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As the Obama administration debates the speed of its military withdrawal from Afghanistan between now and 2014, there is mounting pressure on all parties to find negotiated solutions.
Meeting in London earlier this week, the presidents of Afghanistan and Pakistan, Hamid Karzai and Asif Ali Zardari respectively, set themselves the ambitious target of achieving peace in just six months.
After nearly four decades of war in Afghanistan, six months would seem a tad too short to build peace. Sceptics might say that Karzai and Zardari were probably saying it for the benefit of their host, British Prime Minister David Cameron. A joint statement issued after their trilateral summit held in Cameron's country home outside London said that the leaders "committed themselves to take all necessary measures to achieve the goal of a peaceful settlement over the next six months." The party that is critical for the peace process, the Taliban, was not present at the London talks.
Even if the joint statement meant what it said, Zardari has no say over those who really control the Taliban — the Pakistan army and the ISI. And the Taliban has repeatedly reaffirmed that it has no intention to talk to Karzai or his representative.
The joint statement also supported "the opening of an office in Doha for the purpose of negotiations between the Taliban and the High Peace Council as part of an Afghan-led peace process".
It is not clear if the statement marks a resolution of the differences between Karzai and the West on the terms of the talks with the Taliban. Until recently, Karzai had insisted that the main purpose of the Doha office should be talks with the Afghan government.
He is rightly concerned that Doha will be used for the legitimisation of the Taliban and holding talks with them behind Kabul's back. Washington and London seem desperate for talks with the Taliban and any deal that would let them declare victory and get out of Afghanistan.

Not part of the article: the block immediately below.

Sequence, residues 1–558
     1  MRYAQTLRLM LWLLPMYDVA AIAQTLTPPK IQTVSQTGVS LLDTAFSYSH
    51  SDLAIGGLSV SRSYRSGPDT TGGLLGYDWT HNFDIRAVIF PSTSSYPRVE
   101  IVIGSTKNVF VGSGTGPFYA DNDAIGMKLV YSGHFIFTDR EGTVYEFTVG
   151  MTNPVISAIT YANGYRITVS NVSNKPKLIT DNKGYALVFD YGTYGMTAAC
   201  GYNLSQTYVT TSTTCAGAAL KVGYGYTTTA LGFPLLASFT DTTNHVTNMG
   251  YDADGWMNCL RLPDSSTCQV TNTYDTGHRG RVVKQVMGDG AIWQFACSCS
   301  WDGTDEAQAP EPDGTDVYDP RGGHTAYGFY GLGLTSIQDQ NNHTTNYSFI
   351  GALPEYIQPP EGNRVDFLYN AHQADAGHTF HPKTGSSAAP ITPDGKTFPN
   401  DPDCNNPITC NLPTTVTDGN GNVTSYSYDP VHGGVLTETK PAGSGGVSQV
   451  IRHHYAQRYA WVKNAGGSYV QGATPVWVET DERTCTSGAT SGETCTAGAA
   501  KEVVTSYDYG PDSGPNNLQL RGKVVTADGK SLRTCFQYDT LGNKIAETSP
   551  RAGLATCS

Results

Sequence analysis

While few in India would take seriously the good neighbourly talk between Karzai and Zardari in London, Delhi might want to pay closer attention to the recent visit to Pakistan by General Bismillah Khan Ahmadi, the Afghan defence minister.
Ahmadi's consultations with the Pakistan army chief, General Ashfaq Kayani, lends some credence to the London joint statement underlining the commitment of Karzai and Zardari to start negotiating a strategic partnership agreement between Afghanistan and Pakistan.
An official statement issued in Rawalpindi after Kayani's talks with Ahmadi said the two leaders focused on "enhancing mutual defence cooperation and measures that the Afghan National Army and Pakistan Army intend to initiate for an enduring training relationship".
Rawalpindi has long been pressing Kabul to send its forces for training in Pakistan and has deeply resented the military relationship between India and Afghanistan. Pakistani officials also pointed out that Ahmadi is a non-Pashtun and a Tajik by origin.
The engagement with Ahmadi, the officials said, underlines the Pakistan army's determined effort to reach out to the non-Pashtun minorities that have long viewed Rawalpindi's support to the Taliban with great hostility. The message, credible or not, from Rawalpindi is that Pakistan is no longer taking sides in the Afghan conflict that it wants "peaceful, stable, united Afghanistan".
As Pakistan consolidates its primacy in the Afghan conflict resolution, it is also exploring a peace deal with the Tehreek-e-Taliban Pakistan (TTP) that has emerged as the biggest security threat to the nation.
Last week, the TTP has laid down its terms for the talks. Among them are the release of some its top leaders held by Pakistan's security forces and the naming of three opposition leaders — former PM Nawaz Sharif of Pakistan Muslim League-Nawaz, Maulana Fazlur Rehman of the Jamiat Ulema-e-Islam (JUI) and Munawar Hasan of the Jamaat-e-Islami — as guarantors for the talks.
Pakistan's Interior Minister Rehman Malik did not respond to these demands but said the government is ready to talk to the TTP. The army and many political parties have become weary of the prolonged conflict with the TTP and are eager to see an end. Many in Pakistan suspect that the TTP is not serious and fear that a weak government might be tempted to appease them.
The writer is a distinguished fellow at the Observer Research Foundation, Delhi, and a contributing editor for 'The Indian Express'